by Laura Potts
CW: Mentions violence against children
More than any other art form, spoken word performance art allows an audience to directly interact with the thoughts of the artist. This kind of interaction can often change minds more effectively than argument or statistic, making spoken word art a very progressive medium. As a spoken word enthusiast and an artist on a student budget, I was therefore excited to attend Matt Abbott’s pay-what-you-can preview of his Edinburgh Fringe show ‘Two Little Ducks’ at the Norwich Arts Centre recently. And my excitement was certainly justified – Two Little Ducks is a powerfully thought-provoking, politically driven work.
by Lewis Buxton
Despite being called A Book of Fragments and Dreams, the poems in Rebecca McManus’ collection are far from fragmentary. They speak loudly to one another and are rooted decisively in the people, places, and objects of her life. Unthank Cameo has released this collection posthumously after Rebecca McManus was killed by a speeding driver whilst waiting at a bus stop. She was 21 and just weeks away from graduating from the University of East Anglia.Continue Reading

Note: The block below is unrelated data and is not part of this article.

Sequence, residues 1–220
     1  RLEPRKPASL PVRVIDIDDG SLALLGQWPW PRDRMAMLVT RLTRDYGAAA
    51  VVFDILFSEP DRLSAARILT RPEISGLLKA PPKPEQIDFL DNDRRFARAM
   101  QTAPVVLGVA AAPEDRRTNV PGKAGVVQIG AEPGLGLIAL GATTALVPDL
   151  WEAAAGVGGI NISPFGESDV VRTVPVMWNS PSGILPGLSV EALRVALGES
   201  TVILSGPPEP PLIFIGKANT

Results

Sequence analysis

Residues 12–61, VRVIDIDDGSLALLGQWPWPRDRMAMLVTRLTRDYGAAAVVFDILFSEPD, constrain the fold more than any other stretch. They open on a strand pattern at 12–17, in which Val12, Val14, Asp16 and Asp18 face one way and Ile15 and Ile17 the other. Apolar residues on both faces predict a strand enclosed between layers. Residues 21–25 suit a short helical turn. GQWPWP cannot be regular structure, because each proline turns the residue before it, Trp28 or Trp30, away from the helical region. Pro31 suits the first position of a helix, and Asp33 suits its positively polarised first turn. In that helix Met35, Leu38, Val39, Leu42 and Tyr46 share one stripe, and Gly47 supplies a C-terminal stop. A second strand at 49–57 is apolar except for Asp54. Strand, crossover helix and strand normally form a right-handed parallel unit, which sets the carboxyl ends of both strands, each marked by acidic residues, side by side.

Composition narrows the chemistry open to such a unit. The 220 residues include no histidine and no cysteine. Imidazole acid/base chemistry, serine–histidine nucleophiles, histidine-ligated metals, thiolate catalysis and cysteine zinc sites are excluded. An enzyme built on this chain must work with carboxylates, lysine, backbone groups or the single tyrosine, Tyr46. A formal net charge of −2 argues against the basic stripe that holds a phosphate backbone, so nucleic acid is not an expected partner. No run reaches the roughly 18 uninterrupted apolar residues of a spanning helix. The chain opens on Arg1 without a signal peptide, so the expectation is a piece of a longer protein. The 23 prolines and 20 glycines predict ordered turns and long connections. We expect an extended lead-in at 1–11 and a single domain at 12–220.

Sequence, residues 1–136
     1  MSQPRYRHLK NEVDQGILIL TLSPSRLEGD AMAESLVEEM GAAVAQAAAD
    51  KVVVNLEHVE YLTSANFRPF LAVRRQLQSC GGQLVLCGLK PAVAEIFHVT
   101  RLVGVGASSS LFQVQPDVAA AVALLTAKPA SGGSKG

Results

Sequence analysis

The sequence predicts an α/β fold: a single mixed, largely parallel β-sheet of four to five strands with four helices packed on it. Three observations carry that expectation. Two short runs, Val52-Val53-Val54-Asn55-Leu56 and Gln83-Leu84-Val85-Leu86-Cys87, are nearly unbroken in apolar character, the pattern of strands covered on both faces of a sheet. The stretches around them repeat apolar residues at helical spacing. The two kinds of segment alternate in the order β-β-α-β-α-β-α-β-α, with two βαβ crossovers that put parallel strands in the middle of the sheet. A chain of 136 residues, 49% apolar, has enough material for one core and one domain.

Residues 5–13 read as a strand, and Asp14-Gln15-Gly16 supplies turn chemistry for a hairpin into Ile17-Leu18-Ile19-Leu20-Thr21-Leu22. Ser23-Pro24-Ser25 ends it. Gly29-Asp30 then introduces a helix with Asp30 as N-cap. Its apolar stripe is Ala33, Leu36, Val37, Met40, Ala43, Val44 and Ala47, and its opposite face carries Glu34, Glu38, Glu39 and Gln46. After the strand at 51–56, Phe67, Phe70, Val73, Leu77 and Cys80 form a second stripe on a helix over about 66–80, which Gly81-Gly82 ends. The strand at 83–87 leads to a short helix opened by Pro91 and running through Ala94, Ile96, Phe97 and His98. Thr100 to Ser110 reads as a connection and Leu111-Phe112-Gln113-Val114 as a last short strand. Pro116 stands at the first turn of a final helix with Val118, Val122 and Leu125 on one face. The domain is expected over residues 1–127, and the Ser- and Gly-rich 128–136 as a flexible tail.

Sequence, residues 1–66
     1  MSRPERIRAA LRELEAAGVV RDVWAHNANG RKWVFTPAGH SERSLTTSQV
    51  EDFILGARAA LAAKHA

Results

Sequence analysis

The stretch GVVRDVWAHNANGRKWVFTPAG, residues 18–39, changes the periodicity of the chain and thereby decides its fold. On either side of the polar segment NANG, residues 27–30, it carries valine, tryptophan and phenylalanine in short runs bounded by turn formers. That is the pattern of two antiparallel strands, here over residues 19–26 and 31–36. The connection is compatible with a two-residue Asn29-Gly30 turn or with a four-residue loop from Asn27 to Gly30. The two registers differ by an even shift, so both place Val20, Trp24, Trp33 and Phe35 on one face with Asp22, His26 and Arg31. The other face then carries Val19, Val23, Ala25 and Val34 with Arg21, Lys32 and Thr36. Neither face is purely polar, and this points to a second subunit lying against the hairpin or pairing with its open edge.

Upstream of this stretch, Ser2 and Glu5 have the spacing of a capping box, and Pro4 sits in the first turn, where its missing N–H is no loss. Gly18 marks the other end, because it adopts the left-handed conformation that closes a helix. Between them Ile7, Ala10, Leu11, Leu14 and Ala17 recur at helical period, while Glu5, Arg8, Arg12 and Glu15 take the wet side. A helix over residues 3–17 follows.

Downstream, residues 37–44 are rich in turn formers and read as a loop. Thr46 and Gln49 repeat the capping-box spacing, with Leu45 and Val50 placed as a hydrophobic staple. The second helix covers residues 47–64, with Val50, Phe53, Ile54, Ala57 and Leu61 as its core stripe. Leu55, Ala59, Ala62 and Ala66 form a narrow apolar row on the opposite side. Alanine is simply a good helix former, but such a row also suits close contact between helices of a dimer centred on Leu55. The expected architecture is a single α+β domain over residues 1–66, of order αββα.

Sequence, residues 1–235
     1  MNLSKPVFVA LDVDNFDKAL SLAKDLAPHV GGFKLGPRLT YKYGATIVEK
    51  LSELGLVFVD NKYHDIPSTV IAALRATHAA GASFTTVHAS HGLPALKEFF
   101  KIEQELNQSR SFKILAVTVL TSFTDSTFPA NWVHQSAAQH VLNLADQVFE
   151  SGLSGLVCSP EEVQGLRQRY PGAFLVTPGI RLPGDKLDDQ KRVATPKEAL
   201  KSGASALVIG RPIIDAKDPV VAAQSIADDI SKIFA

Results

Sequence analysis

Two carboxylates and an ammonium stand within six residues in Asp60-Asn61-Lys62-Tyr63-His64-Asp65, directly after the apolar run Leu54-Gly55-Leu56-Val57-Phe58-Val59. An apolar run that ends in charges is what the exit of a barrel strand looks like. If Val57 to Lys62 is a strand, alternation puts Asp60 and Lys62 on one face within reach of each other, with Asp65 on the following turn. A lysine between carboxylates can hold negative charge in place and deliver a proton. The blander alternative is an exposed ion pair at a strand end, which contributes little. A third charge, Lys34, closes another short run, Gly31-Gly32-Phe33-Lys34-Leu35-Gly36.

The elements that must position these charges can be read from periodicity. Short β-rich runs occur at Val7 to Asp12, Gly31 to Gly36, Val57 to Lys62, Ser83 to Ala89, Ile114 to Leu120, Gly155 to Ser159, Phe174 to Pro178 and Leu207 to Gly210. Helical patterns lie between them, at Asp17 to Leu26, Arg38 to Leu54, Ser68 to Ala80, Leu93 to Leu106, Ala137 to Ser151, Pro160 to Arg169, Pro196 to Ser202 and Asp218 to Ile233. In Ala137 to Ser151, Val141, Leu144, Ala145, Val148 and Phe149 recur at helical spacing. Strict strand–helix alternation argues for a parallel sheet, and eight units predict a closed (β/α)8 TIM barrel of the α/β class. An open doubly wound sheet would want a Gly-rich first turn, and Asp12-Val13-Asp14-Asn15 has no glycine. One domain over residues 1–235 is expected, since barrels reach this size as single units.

by Lewis Buxton
Moonrise’s publisher, As Yet Untitled, is an ‘independent press that specialises in limited edition, handmade works that embrace the breadth of possibility in the book’s form’. The book is beautifully made, a fragile thing one worries about reading with a cup of tea too close. Interesting then to consider the fragility of the book’s form with the robustness of the poems. Moonrise, by Ella Chappell, is a book about sex and love and flowers and moons and stones and good nights and bad nights and scientific theories and the gravity that pulls at us all. These aren’t new themes. But that’s what I like about this book; there is at once a familiarity to it but still a newness in the words, a fresh light on the scene.Continue Reading